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“About round six I thought, ‘This ain’t the same’, it’s like you have ring rust and everything, don’t you, but no pal - this ain’t f-ing happening. I dug in, I tried, just to see if I could. I’m feeling happy now. All I wanted to know was, ‘Have I still got it?’, and I f-ing haven’t.“ Ricky Hatton
This new factual documentary features unprecedented access to Ricky Hatton as he makes a comeback for his last ever fight, for the first time on British television.
Produced by Ad Hoc Films, Night Of The Fight: Hatton’s Last Stand is a raw, at times brutal account of events surrounding his final professional bout in Manchester against Vyacheslav Senchenko.
The film features close-quarters access to Ricky, his team and his immediate family with exclusive scenes from training and ringside on fight night. Cameras are allowed into Ricky’s home, to the dressing room before and immediately after the fight, bringing viewers a unique personal and professional insight into one of boxing’s most colourful characters at a key moment in his life and career.
The boxer is seen in the gym, and running through the streets as part of his training. He says his desire to return to the ring is burning strongly after being the subject of lurid tabloid headlines over drug-taking and binge drinking since his last fight in 2009: “It’s not just the defeat by Manny Pacquiao – I feel like I’ve let people down and all that good I did in the ring has all been for nothing at this moment in time. It’s something that needs doing not only for me to move on in me boxing career – but to move on in me life.”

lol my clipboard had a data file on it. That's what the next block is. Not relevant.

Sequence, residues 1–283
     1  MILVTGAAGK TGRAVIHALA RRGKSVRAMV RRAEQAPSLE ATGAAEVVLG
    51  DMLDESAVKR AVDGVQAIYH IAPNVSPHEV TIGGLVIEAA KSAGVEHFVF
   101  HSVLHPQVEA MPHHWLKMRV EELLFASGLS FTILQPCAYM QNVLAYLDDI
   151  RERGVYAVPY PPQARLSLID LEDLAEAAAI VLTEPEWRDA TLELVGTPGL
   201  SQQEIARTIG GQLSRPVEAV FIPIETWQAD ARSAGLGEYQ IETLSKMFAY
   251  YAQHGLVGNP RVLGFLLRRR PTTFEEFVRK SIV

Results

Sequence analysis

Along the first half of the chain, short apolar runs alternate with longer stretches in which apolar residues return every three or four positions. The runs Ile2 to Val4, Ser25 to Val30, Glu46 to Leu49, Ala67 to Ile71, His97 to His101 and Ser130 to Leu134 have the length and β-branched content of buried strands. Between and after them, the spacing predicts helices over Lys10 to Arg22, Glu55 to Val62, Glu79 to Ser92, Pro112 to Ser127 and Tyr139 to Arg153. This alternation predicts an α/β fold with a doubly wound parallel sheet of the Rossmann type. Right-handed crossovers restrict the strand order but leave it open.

Ricky is seen at home in his kitchen, laughing with his partner. After he weighs in at ten stone eight pounds and eleven ounces, she says he might be able to have a drink - of water. He jokes: “One minute you want me to be a changed man and the next minute you’re saying go and have a drink. Maybe on the Thursday I could have a fish supper and then go out and have a drink.”
The camera is ringside at the Manchester Arena as Ricky walks on for what turns out to be his last fight. In the early stages he looks good until he’s caught by a jab, as his trainer Bob Shannon tells him between rounds: “Ricky. Don’t go rushing in. You listening? You got careless in that round – you got in some fantastic shots, then you went – going in. You weren’t thinking were you? Get back on track Rick. He’s all yours.”
But after the tide turns and Senchenko wins by knockout in round nine, Ricky makes the decision to retire, telling his entourage he’s unwilling to put his girlfriend or his body through the strain of a big fight again.
He concludes: “The problem with what happened last time was I spent two years, three years thinking, ‘Oh I’ve still got it, I can still come back – I’ve still got one more fight in me'.
“But I’m f-ing kidding myself again. I’m putting myself in the same f-ing mess I always did. Before the fight I wanted to know if I still had it left and I haven’t, and I don’t need to dwell. I’m happy.”
Ad Hoc’s previous work includes the Grierson Award-shortlisted documentary The Four Year Plan, which went behind the scenes at Queens Park Rangers.